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The observed geoid height versus Airy's and Pratt's isostatic models using matched asymptotic expansions
KTH, Skolan för arkitektur och samhällsbyggnad (ABE), Samhällsplanering och miljö, Geodesi och geoinformatik.
KTH, Skolan för arkitektur och samhällsbyggnad (ABE), Samhällsplanering och miljö, Geodesi och geoinformatik.
KTH, Skolan för arkitektur och samhällsbyggnad (ABE), Samhällsplanering och miljö, Geodesi och geoinformatik.
2014 (engelsk)Inngår i: Acta Geodaetica et Geophysica, ISSN 2213-5812, Vol. 49, nr 4, s. 473-490Artikkel i tidsskrift (Fagfellevurdert) Published
Abstract [en]

Isostasy is a key concept in geodesy and geophysics. The classical isostatic models of Airy/Heiskanen and Pratt/Hayford imply that the topographic mass surplus and ocean mass deficit are balanced by mountain roots and anti-roots in the former model and by density variations in the topography and the compensation layer below sea bottom in the latter model. In geophysics gravity inversion is an essential topic where isostasy comes to play. The main objective of this study is to compare the prediction of geoid heights from the above isostatic models based on matched asymptotic expansion with geoid heights observed by the Earth Gravitational Model 2008. Numerical computations were carried out both globally and in several regions, showing poor agreements between the theoretical and observed geoid heights. As an alternative, multiple regression analysis including several non-isostatic terms in addition to the isostatic terms was tested providing only slightly better success rates. Our main conclusion is that the geoid height cannot generally be represented by the simple formulas based on matched asymptotic expansions. This is because (a) both the geoid and isostatic compensation of the topography have regional to global contributions in addition to the pure local signal considered in the classical isostatic models, and (b) geodynamic phenomena are still likely to significantly blur the results despite that all spherical harmonic low-degree (below degree 11) gravity signals were excluded from the study.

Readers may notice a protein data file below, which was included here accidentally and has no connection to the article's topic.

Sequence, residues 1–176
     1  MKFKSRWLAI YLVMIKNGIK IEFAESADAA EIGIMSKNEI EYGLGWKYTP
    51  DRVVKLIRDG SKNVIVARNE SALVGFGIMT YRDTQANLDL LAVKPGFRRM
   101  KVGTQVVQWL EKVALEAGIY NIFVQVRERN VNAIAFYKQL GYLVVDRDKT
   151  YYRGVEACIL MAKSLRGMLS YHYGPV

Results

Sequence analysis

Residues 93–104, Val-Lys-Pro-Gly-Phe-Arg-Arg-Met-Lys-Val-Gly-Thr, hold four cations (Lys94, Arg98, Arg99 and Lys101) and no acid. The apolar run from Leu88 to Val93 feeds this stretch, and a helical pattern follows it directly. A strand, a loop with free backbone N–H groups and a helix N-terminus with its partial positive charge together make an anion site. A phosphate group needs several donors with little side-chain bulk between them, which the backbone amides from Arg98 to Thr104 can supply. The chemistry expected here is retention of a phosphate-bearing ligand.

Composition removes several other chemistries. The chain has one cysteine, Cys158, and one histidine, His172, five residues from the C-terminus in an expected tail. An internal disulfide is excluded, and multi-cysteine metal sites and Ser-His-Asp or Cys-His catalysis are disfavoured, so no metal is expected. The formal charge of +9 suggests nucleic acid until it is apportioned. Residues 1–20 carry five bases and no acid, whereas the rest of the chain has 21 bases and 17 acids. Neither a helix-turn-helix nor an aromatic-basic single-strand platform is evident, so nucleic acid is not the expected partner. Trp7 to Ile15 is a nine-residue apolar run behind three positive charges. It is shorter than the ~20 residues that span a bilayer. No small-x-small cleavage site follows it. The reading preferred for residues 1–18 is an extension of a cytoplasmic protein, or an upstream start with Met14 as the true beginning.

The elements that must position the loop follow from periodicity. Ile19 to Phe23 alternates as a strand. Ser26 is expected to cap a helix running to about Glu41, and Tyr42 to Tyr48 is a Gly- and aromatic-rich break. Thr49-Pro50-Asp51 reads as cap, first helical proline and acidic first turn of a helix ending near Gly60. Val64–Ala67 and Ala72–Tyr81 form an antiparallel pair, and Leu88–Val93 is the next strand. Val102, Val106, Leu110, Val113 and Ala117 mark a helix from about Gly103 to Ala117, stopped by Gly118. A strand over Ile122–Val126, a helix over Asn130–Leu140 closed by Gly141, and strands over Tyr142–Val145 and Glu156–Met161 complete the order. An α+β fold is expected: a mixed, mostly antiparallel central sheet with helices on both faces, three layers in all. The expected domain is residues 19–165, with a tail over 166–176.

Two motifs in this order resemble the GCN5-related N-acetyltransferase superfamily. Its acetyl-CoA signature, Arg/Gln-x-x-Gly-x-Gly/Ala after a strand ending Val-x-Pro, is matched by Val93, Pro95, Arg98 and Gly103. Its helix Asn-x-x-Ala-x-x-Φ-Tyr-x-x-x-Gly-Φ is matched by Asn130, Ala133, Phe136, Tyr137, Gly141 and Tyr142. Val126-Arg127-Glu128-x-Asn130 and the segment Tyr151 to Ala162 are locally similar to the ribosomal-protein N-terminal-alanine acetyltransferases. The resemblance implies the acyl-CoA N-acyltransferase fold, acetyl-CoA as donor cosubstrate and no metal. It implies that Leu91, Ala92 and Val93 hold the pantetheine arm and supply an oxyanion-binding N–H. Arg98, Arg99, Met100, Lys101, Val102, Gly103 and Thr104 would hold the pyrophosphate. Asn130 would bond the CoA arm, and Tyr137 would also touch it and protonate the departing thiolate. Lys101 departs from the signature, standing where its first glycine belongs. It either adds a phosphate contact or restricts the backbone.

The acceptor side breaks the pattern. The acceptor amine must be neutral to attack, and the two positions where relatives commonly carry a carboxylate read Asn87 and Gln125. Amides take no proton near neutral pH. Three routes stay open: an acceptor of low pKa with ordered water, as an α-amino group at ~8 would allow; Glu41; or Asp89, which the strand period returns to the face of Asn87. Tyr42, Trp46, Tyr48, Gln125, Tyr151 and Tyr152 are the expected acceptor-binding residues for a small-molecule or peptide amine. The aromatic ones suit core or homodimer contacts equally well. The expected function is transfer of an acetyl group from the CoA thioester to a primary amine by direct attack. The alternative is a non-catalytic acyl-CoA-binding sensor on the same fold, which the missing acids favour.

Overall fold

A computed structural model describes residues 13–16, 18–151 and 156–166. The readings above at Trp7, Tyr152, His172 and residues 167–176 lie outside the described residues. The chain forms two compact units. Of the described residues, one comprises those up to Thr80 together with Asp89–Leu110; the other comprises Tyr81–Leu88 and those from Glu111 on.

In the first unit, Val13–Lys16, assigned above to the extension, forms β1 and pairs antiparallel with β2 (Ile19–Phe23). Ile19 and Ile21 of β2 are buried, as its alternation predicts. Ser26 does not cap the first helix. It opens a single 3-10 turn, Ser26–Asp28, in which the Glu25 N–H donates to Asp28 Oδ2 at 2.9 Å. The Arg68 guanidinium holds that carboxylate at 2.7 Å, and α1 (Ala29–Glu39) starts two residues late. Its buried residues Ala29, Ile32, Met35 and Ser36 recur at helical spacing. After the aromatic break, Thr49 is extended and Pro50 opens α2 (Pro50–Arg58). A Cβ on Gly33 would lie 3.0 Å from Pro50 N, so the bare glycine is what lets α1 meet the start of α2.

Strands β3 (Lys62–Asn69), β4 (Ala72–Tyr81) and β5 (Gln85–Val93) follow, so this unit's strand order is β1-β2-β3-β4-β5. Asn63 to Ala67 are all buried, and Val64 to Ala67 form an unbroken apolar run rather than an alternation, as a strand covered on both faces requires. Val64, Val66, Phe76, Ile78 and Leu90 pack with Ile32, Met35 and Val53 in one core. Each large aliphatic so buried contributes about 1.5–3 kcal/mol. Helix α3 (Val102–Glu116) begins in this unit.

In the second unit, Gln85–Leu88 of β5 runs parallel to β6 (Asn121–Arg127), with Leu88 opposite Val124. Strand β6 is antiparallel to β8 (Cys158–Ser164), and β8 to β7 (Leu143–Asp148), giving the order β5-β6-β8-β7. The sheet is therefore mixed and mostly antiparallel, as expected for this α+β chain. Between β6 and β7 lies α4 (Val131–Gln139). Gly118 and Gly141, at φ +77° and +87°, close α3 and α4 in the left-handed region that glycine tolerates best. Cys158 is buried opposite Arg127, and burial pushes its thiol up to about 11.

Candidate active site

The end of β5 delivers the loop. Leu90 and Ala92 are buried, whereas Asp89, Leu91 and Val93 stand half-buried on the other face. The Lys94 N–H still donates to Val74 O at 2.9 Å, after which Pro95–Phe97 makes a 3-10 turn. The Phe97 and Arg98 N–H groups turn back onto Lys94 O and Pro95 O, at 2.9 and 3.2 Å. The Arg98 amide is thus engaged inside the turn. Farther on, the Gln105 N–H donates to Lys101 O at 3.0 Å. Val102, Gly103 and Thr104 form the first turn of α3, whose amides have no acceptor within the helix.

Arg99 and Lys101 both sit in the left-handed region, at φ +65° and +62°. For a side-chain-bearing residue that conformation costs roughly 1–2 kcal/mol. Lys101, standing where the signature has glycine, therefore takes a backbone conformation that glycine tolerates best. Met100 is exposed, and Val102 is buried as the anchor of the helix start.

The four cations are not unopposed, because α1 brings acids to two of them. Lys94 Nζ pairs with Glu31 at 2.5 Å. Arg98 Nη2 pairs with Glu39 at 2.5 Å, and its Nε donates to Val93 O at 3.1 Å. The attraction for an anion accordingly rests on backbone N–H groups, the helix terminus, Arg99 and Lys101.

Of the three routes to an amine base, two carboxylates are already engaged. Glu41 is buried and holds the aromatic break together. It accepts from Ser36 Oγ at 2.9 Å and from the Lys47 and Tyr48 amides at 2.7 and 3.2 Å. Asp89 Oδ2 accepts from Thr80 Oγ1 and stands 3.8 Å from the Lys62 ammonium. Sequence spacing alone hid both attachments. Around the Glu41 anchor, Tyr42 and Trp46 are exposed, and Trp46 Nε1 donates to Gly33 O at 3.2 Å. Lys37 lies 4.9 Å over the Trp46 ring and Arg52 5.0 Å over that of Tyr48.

sted, utgiver, år, opplag, sider
2014. Vol. 49, nr 4, s. 473-490
HSV kategori
Identifikatorer
URN: urn:nbn:se:kth:diva-159122DOI: 10.1007/s40328-014-0064-6ISI: 000346798500007Scopus ID: 2-s2.0-84920280503OAI: oai:DiVA.org:kth-159122DiVA, id: diva2:783827
Merknad

QC 20150127

Tilgjengelig fra: 2015-01-27 Laget: 2015-01-22 Sist oppdatert: 2016-03-17bibliografisk kontrollert
Inngår i avhandling
1. Recovering Moho parameters using gravimetric and seismic data
Åpne denne publikasjonen i ny fane eller vindu >>Recovering Moho parameters using gravimetric and seismic data
2016 (engelsk)Doktoravhandling, med artikler (Annet vitenskapelig)
Abstract [en]

Isostasy is a key concept in geoscience to interpret the state of mass balance between the Earth’s crust and mantle. There are four well-known isostatic models: the classical models of Airy/Heiskanen (A/H), Pratt/Hayford (P/H), and Vening Meinesz (VM) and the modern model of Vening Meinesz-Moritz (VMM). The first three models assume a local and regional isostatic compensation, whereas the latter one supposes a global isostatic compensation scheme.

A more satisfactory test of isostasy is to determine the Moho interface. The Moho discontinuity (or Moho) is the surface, which marks the boundary between the Earth’s crust and upper mantle. Generally, the Moho interface can be mapped accurately by seismic observations, but limited coverage of seismic data and economic considerations make gravimetric or combined gravimetric-seismic methods a more realistic technique for imaging the Moho interface either regional or global scales.